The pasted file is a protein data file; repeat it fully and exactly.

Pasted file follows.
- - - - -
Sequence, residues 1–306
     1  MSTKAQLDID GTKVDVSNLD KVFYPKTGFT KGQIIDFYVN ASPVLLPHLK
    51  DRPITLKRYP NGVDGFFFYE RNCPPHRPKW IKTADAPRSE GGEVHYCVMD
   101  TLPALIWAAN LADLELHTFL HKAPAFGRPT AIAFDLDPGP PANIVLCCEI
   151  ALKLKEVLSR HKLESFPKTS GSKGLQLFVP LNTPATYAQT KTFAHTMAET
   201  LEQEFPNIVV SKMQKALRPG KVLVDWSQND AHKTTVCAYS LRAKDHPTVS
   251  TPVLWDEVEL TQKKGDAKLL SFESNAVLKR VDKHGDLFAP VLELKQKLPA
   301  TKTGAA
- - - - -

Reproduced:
Sequence, residues 1–306
     1  MSTKAQLDID GTKVDVSNLD KVFYPKTGFT KGQIIDFYVN ASPVLLPHLK
    51  DRPITLKRYP NGVDGFFFYE RNCPPHRPKW IKTADAPRSE GGEVHYCVMD
   101  TLPALIWAAN LADLELHTFL HKAPAFGRPT AIAFDLDPGP PANIVLCCEI
   151  ALKLKEVLSR HKLESFPKTS GSKGLQLFVP LNTPATYAQT KTFAHTMAET
   201  LEQEFPNIVV SKMQKALRPG KVLVDWSQND AHKTTVCAYS LRAKDHPTVS
   251  TPVLWDEVEL TQKKGDAKLL SFESNAVLKR VDKHGDLFAP VLELKQKLPA
   301  TKTGAA